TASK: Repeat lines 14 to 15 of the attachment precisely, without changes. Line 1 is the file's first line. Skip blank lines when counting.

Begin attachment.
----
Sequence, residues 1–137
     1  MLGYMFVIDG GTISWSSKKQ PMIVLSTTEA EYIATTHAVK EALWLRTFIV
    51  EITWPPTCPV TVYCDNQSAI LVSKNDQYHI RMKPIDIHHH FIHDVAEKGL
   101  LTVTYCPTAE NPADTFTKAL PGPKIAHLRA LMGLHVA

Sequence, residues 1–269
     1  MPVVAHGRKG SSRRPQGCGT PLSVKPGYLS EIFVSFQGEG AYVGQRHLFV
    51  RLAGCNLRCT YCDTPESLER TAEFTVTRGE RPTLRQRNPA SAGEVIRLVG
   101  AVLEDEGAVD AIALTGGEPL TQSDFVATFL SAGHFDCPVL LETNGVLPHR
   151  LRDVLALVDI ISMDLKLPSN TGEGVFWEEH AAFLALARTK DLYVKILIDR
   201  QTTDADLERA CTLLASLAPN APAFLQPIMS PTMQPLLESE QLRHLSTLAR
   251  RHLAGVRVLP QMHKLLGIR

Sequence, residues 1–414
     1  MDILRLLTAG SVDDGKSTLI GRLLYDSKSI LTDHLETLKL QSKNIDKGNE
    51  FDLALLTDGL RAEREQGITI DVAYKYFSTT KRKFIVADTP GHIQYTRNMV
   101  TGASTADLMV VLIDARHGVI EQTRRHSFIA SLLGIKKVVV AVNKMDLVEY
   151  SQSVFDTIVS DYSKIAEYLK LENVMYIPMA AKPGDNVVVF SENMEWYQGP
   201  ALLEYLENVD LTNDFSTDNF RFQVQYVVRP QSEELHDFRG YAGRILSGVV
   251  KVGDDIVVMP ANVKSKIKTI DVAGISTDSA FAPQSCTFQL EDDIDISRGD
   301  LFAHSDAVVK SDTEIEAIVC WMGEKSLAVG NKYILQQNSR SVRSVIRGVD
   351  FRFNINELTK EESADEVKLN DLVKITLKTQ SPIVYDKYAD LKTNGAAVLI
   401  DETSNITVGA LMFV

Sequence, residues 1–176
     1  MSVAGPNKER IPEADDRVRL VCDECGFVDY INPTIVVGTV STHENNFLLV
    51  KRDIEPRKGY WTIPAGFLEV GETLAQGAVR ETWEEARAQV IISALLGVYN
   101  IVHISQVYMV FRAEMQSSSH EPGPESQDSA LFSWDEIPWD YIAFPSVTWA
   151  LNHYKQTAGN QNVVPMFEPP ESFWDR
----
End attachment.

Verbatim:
    51  FDLALLTDGL RAEREQGITI DVAYKYFSTT KRKFIVADTP GHIQYTRNMV
   101  TGASTADLMV VLIDARHGVI EQTRRHSFIA SLLGIKKVVV AVNKMDLVEY